Integral spirituality invites multiple possible realizations:

 

1. The development of integrally informed schools of thought within existing religious  traditions, which may encourage greater balance and scope of vision and practice than have been previously realized, while also providing opportunities for traditions to reciprocally and uniquely inform, or even transform, integral thought itself (an AQAL Christianity, and a Christianity-inflected Integral)

 

2. On the philosophical level, and in its role as a meta-system, the facilitation of robust and transformative interfaith dialogue among traditions through the provision  of a shared meta-language (an encounter among autonomous paths that  may or may not involve actively “borrowing” from each other, or practicing across traditional boundaries)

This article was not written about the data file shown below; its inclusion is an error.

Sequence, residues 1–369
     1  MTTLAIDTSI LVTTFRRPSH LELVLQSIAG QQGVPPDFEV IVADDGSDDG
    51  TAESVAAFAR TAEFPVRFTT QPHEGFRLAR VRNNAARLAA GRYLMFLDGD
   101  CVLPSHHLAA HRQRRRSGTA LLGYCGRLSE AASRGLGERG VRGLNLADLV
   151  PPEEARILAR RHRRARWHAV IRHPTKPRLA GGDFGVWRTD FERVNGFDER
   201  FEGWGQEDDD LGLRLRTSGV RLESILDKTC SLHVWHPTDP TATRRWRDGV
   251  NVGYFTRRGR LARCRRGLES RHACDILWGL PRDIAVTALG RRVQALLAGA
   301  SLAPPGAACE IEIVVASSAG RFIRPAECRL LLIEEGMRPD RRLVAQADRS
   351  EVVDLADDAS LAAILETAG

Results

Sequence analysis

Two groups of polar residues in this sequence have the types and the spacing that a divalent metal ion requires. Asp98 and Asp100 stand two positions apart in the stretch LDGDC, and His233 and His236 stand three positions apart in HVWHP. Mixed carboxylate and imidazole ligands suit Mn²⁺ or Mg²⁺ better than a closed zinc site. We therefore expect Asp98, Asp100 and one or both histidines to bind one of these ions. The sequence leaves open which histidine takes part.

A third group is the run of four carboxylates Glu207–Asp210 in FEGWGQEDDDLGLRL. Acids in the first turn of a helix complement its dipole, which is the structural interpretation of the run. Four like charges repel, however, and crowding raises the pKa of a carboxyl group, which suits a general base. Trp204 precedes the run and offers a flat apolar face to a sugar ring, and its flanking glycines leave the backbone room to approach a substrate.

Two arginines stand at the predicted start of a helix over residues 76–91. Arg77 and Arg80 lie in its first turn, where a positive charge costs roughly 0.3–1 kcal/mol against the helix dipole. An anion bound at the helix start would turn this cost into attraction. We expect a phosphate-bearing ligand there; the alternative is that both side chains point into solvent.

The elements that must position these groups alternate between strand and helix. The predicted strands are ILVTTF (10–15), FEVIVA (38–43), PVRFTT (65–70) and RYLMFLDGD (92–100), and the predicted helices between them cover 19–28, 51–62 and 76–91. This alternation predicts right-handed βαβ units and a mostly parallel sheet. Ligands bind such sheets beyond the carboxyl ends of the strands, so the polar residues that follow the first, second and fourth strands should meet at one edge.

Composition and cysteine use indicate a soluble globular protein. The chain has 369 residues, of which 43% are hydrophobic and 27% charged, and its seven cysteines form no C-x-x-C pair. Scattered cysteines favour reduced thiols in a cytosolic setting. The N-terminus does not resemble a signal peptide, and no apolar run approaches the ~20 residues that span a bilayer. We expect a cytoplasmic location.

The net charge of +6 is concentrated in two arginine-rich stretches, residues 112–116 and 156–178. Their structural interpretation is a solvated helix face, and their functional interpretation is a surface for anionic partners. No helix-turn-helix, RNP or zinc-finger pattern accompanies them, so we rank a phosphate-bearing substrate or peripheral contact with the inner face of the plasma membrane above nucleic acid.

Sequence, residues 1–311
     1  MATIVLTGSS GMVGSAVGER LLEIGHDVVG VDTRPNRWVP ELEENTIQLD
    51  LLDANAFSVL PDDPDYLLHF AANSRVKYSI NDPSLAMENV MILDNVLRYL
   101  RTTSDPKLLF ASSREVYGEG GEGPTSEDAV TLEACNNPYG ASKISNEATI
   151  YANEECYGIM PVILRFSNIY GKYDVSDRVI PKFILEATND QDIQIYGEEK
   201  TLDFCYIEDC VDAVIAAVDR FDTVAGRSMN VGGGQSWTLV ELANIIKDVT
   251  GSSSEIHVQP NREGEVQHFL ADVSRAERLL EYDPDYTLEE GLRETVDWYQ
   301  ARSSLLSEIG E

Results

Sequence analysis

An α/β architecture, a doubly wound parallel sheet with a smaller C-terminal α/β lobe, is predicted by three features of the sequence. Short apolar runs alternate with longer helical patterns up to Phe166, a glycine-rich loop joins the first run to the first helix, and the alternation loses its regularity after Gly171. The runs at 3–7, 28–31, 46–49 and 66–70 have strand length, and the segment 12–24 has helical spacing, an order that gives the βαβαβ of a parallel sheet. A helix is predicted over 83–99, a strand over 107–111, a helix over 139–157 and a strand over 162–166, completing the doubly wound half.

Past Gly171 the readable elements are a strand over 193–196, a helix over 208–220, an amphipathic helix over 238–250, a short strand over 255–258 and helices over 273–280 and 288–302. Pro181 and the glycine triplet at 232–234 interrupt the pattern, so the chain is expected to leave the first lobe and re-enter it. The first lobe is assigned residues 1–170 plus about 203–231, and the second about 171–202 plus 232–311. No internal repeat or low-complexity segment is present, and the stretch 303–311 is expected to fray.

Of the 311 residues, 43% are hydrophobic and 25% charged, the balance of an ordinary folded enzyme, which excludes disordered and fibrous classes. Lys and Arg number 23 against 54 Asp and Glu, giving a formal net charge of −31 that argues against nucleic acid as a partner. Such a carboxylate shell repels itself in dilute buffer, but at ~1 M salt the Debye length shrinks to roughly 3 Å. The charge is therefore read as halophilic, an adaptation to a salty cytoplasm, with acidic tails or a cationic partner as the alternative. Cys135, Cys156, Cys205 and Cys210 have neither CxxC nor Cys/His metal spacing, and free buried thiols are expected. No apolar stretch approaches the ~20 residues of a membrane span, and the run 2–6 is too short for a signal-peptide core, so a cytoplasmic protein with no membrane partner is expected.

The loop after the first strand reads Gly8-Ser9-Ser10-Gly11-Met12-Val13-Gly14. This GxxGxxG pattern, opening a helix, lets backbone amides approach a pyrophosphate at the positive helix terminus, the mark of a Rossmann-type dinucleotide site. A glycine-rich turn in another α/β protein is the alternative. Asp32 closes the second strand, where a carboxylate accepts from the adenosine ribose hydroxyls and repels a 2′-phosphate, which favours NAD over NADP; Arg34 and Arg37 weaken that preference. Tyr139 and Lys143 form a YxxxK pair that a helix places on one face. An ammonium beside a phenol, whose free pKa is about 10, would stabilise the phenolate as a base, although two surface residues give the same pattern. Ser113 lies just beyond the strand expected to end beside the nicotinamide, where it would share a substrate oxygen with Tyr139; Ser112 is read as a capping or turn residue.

3. The emergence of a new global, integral, or world spirituality as a complete path in itself

 

4. The cultivation of a sensibility that would allow practitioners to skillfully embrace  and navigate within multiple spiritual worldspaces simultaneously, as they  learn to surf their vertiginous crests rather than being dashed by the waves of  incommensurability (i.e., a translineage practice, or what Marc Gafni [2011a] calls “dual citizenship”)